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9.5.1 Surge tanks


A surge tank consists of a vertical cylindrical tank mounted at some
suitable point along the line. The tank is open to the atmosphere at the
top, and is placed so that its top is higher than the steady state head at
that point. It has to have sufficient capacity such that it will not be drained
or over-filled by the highest flow that might occur during a transient.
Because they are open to the atmosphere, surge tanks are not generally
used in the chemical industry, but they are
common in the water supply and hydro-electric industries.
9.5.2 Accumulators
An accumulator is a closed vessel, partly filled with gas, which is
connected to the pipeline at a suitable point. The gas acts as a cushion
which absorbs some of the pressure surges passing along the pipe by
allowing some of the flow to be diverted into or out of the accumulator.
Accumulators are common on reciprocating pumps, where they reduce
the pressure fluctuations. They may be located on the suction side,
delivery side or both, depending on the perceived problems. Like surge
tanks, accumulators have to be sized to allow for the magnitude of the
flows. This may make them large and prohibitively costly for high flow
lines.
The main disadvantage of accumulators apart from cost is the problem of
ensuring that they are in a suitable condition to operate when required. If
the gas is in direct contact with the liquid it may dissolve over a period of
time, and some means of checking for this is necessary. Some designs of
accumulator get round this by the use of a bladder or diaphragm.
However, there is always a danger that the diaphragm may rupture. It may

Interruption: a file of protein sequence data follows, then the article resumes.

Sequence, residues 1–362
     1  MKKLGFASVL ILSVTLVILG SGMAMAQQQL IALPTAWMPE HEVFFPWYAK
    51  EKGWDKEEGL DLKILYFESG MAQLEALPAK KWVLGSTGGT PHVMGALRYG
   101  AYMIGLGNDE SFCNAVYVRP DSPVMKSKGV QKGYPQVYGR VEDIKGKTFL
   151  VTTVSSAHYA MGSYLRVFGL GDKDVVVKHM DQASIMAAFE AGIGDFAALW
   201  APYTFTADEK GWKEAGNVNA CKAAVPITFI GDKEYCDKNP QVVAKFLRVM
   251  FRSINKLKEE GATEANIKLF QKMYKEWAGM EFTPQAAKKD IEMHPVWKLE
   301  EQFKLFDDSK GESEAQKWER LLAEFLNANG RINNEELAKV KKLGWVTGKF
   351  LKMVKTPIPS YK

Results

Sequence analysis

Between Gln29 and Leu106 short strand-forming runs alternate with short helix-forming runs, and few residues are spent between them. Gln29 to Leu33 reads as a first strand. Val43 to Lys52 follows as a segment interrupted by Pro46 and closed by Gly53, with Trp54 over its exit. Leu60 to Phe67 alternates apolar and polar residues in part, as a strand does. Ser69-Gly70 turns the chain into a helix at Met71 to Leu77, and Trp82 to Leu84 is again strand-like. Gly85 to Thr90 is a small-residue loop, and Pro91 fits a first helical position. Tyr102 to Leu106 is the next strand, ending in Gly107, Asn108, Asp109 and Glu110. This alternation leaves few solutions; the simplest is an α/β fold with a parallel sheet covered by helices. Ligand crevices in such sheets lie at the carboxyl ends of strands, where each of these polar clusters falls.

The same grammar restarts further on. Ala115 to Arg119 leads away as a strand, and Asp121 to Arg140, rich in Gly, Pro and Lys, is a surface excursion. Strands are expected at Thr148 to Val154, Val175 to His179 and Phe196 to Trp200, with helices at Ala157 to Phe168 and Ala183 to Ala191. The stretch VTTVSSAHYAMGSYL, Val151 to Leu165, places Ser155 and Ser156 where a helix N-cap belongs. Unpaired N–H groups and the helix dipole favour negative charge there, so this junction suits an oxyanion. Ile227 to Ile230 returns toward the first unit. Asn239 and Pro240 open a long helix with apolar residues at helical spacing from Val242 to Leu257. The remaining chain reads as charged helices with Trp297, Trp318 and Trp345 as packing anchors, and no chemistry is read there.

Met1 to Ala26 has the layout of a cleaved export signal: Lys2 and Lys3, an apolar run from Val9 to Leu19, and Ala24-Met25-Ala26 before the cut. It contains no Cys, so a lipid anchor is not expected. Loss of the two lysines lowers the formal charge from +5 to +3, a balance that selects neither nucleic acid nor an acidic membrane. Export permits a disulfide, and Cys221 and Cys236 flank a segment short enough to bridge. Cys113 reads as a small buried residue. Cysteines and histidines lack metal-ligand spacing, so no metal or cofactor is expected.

not be easy to determine if this has happened. It may also be difficult to
find a material for the diaphragm which is compatible with the chemicals
being handled.
An alternative to the diaphragm is to separate the liquid and gas by a
piston. Here there is a danger that corrosion of the piston or cylinder, or
dirt in the process fluid, may cause the piston to stick. The gas space
above the cylinder will normally be pre-pressured to a pressure above
the normal operating pressure of the system, resulting in the piston being
in its fully extended position. It is normal to mount a pressure gauge on the
gas side of the piston to ensure that it is properly charged. Regular
checking of this pressure and topping up when necessary is
essential to maintain the integrity of the system.
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Note:
A piston type accumulator may itself be a cause of vapor cavity formation.
The gas behind the piston has to be initially pressurized above the system
pressure or the position of the cylinder is indeterminate. However,
following a surge incident the liquid will be forced out of the cylinder
by the gas pressure. This liquid outflow may stop abruptly when the piston
reaches its lower limit, giving a negative pressure wave.
It is a regrettable fact that the maintenance of accumulators is often
neglected. For this reason, they are not recommended as the primary
safety device where the consequences of failure to operate are